Hemophilia is more common in males than in females
Carrier: a female who has only one altered copy of the gene
Carriers usually have 1/2 the usual amount of coagulation factor (enough for normal blood clotting)
About 10% of carriers have less than the normal amount of these coagulation factors (are at risk for abnormal bleeding)
Hemophilia can either be inherited or due to a new mutation
70% of cases are of sex-linked nature
25-30% are of genetic abnormality
Hemophilia's Impact on Society
Number of hemophilia cases:
Hemophilia A: 1/5,000-10,000 males worldwide
Hemophilia B: 1/20,000-34,500 males worldwide
In total, there are about 400,000 people living with hemophilia
Death rates and life expectancy of hemophilia:
Death Rates of Hemophiliacs
Currently, the mortality rate for males with hemophilia is twice that of healthy males
Intracranial bleeding is the most common cause of death in people with hemophilia
Intracranial bleeding: bleeding in the brain

Life Expectancy of Hemophiliacs
People who have hemophilia are living much longer and with less disability than 30-40 years ago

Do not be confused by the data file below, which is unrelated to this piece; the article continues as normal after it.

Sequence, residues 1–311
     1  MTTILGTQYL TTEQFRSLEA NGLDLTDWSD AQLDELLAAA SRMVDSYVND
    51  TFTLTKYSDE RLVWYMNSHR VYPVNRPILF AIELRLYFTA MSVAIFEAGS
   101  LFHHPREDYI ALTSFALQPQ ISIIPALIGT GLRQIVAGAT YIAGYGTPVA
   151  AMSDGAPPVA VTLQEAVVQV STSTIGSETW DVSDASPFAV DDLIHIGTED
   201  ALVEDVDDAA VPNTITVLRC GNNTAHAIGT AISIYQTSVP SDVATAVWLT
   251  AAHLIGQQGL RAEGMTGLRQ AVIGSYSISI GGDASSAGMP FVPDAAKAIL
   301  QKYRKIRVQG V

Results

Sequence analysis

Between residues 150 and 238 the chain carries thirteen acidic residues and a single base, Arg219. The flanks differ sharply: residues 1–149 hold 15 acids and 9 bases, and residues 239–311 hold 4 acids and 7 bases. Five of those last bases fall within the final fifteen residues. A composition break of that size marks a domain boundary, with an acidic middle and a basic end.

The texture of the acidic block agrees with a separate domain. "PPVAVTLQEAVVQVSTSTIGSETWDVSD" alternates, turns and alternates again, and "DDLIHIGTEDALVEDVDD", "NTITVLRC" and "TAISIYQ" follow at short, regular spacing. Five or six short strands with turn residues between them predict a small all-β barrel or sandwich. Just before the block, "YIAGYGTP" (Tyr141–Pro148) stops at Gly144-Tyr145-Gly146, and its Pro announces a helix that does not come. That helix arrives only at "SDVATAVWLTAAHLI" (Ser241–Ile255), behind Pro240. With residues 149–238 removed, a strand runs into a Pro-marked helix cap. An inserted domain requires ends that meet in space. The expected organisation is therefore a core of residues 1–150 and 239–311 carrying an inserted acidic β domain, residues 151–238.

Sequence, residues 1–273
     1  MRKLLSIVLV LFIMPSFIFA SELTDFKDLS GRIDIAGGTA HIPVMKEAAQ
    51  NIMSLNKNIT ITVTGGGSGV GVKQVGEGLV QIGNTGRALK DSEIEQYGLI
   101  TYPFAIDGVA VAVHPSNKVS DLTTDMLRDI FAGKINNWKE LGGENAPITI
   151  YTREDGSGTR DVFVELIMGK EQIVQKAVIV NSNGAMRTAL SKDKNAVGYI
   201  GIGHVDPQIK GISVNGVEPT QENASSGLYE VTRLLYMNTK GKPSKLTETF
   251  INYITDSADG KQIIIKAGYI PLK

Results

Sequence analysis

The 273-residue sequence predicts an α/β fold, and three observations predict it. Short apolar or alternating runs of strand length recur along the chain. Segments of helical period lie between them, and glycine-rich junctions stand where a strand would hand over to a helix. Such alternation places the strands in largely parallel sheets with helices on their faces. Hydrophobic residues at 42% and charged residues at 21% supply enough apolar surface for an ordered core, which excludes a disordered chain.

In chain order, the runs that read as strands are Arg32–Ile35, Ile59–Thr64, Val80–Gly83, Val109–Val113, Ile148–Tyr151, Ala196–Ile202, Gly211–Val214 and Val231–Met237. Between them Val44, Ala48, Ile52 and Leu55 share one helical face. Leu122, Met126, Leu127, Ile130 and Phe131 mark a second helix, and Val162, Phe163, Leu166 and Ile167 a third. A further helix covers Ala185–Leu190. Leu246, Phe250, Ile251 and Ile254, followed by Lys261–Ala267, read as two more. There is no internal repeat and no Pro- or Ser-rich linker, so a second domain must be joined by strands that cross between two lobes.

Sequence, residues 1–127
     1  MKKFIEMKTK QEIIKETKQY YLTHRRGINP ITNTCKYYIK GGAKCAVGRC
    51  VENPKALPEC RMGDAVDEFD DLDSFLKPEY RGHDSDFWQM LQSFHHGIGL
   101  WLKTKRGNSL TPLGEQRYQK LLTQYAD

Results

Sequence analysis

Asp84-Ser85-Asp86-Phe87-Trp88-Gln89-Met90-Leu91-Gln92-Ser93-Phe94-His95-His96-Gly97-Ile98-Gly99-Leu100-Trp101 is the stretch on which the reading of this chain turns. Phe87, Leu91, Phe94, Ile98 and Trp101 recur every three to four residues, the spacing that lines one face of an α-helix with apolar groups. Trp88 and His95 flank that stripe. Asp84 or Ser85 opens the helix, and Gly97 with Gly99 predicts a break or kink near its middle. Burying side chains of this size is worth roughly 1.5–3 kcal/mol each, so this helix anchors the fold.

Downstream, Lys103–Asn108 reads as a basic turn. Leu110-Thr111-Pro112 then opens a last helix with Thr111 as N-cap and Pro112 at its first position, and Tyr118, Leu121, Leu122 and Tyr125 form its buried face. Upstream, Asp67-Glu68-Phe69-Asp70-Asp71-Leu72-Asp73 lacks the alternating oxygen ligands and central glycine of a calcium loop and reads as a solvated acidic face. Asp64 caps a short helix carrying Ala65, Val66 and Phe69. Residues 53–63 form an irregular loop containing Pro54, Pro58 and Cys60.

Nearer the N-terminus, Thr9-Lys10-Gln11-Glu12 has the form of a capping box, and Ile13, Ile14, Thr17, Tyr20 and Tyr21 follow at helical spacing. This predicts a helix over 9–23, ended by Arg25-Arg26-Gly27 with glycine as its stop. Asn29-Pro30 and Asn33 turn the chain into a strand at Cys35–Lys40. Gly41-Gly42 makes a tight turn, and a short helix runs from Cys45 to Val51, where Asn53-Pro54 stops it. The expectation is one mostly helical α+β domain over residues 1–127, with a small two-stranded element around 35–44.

The life expectancy of someone with hemophilia varies depending on whether they receive proper treatment
Without adequate treatment, many people die before they reach adulthood
With proper treatment, life expectancy is about 10 years less than that of males without hemophilia
<-- Intracranial Bleeding
About 75% of the people worldwide with bleeding disorders receive inadeqate or no treatment at all
Many of these people die young
Treatment for Hemophilia
There is currently no cure for hemophilia
When a hemophiliac person gets a cut or scrape, pressure, bandages, and cold compression may be used
Other main treatments include replacement therapy and desmopressin:
Replacement Therapy
The most common treatment for hemophilia
Concentrates of clotting factor, either VIII or IX, are slowly dripped or injected into a vein
They help to replace the clotting factor that is missing or low
Clotting factor concentrates can be made from human blood (plasma-derived) or can be synthetic (recombinant clotting factor)
Desmopressin
Desmopressin is also called DDAVP
Is a man-made hormone used to treat people who have mild-moderate hemophilia A
Stimulates the relase of stored factor VIII and increases the level of these proteins in the blood
Is given through injection into a vein or nasal spray
<-- Desmopressin nasal spray
Scientific Research and Future Treatments
Researchers are trying to find a cure for hemophilia
This cure would be gene replacement treatment
This treatment would insert better functioning factor VIII or IX genes into the cells of people with hemophilia
It is hoped that it would eliminate bleeding episodes
Research of gene therapy is now taking place